LATE NIGHT IN MIDLAND
Driving down the dirt road by the Tittabawassee with congregations of crows bottoming away in my dust and country music drifting from the radio I was not concerned with moment. Movement was enough for now after heavy moisture of Michigan June. The cool air fluttering the trees as I passed old men waxing their cars in shirt sleeves like my father forty years ago relaxing after the war we won to wax cars under willow trees on impossible June evenings. The river was silt-brown and still.
At the north bend I pulled over cut the engine and listened to the cool metal ticking and the crickets echo. Fireflies did their intricate arabesques and pliés, a horsefly buzzed once and was gone.
Down by the river I was startled by a flourish in the thicket of birch and willow. Two yellow eyes stared back from a low-slung branch. Its two-note hoot authentic and palpable. Who? Who? I spoke back, reassuring, and went on. It followed, and spoke again from a primal space I could not know. A warning. At least I took it so and left the trees, the river, the night rustlings in the brush.
In my safe car, the radio said: “It’s eleven forty-five, you night owls, and that was Patsy Cline.”That’s a more recent poem, from the late ’90s. But I have great affection for the early poems, too. They often exude a fragrance of the sweet anxiety both Mike and I suffered from, in our different ways, back in the ’70s when my preferred drink was Bushmills neat. (I don’t rightly remember what Mike’s drink was.) Here’s one of those:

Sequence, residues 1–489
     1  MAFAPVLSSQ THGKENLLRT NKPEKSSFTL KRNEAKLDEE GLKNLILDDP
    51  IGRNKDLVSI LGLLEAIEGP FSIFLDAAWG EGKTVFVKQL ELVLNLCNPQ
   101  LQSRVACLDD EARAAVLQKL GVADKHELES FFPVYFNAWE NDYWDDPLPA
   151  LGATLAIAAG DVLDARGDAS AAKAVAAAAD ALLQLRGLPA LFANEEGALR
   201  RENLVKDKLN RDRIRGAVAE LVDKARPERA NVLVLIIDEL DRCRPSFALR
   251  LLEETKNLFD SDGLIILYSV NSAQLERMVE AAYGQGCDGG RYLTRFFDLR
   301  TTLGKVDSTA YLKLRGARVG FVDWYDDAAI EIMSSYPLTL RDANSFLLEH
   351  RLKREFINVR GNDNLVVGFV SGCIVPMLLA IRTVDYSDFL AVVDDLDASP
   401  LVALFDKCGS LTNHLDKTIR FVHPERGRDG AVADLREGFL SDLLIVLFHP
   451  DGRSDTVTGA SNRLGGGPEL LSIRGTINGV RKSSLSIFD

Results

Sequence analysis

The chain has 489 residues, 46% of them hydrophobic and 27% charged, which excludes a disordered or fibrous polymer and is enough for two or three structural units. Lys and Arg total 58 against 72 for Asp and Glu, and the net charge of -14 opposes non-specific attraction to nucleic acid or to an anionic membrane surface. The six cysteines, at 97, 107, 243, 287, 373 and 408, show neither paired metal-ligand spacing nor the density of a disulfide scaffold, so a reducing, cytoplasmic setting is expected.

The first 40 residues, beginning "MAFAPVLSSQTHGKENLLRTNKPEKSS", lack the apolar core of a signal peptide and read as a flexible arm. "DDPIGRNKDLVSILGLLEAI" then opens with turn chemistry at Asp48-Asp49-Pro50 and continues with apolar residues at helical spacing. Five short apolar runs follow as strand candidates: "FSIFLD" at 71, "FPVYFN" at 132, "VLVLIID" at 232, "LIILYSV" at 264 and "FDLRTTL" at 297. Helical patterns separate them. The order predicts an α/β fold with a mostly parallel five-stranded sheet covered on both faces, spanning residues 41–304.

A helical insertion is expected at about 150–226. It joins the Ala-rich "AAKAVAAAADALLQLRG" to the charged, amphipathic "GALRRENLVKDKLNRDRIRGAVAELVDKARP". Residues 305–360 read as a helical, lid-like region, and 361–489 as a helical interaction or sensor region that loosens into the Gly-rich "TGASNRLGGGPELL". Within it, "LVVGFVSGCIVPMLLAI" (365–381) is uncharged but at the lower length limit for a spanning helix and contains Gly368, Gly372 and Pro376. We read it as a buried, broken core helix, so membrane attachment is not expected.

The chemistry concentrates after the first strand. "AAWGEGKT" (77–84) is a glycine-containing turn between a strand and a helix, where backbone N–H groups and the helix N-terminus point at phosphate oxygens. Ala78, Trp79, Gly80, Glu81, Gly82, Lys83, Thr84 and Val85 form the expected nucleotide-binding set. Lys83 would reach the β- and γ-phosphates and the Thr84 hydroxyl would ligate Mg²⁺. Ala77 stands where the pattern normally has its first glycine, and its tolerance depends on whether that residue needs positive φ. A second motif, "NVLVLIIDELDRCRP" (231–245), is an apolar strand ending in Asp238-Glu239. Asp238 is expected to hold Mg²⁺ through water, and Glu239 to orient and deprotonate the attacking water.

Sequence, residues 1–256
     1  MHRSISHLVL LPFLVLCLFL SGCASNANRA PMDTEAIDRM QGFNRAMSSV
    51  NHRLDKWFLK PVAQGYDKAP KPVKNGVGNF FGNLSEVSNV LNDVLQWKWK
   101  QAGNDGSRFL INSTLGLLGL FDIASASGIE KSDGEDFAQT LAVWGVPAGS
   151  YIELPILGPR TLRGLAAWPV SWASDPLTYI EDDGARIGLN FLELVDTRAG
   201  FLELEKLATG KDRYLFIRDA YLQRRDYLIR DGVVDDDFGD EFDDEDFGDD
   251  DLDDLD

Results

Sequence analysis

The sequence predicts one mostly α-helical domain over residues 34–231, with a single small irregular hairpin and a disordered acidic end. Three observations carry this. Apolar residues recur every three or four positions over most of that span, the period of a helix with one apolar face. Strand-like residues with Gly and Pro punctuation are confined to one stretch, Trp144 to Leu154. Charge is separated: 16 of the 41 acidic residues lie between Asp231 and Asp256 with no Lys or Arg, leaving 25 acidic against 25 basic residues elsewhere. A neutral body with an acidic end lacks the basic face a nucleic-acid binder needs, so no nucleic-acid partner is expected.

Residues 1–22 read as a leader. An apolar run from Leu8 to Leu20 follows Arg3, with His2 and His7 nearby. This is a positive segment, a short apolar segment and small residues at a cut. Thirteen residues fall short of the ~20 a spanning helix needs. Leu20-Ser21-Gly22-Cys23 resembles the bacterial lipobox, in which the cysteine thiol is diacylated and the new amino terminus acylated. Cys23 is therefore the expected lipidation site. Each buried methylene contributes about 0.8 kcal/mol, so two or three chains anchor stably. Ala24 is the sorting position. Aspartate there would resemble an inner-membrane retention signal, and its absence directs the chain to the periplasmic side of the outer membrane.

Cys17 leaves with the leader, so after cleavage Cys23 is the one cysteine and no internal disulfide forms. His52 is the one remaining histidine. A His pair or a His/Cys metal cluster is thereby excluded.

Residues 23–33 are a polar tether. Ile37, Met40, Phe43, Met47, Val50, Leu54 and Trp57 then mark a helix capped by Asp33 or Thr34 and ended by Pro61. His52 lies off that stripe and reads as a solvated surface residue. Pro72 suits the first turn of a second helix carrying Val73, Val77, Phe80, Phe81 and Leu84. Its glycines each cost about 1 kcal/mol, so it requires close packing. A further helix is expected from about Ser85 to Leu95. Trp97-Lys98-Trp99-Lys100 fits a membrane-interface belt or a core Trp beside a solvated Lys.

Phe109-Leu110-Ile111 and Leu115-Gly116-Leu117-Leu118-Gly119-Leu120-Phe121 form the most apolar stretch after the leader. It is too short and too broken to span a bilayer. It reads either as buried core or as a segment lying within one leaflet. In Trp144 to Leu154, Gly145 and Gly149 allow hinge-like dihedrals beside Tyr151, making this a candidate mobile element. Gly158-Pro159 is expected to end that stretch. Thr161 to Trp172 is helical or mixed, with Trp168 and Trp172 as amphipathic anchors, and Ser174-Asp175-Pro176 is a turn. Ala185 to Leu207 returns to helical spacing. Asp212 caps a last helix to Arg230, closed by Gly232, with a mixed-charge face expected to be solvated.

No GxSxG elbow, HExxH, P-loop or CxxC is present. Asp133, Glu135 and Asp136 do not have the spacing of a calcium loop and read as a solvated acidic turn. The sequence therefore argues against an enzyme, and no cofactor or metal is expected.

A DEAL IS A DEAL
There is a kind of life no one speaks of. You wake in the morning and the day rises like a curtain you didn’t mean to choose. It is a bad deal. Behind the curtain are things you never wanted: choked traffic, an empty job, the drag of time as it reels out the hours, the subtle atrophy of courage. You wonder, at twenty, if you will spend your whole life like this. At thirty, you cease to wonder. At forty, you can’t remember what it was you were concerned about. In a dream, Monty Hall gives you one last chance to trade what you have. Your wife shakes her head. She tells you: Don’t be a fool. Do you want to lose everything?I imagine I should footnote Monty Hall, which saddens me. Time and tide, you know. Thank goodness for writers who embed our now worthless cultural tokens in their work, where they can still have at least a half-life! And thanks to Mike for his long and worthy practice that keeps on calling us to healing attention.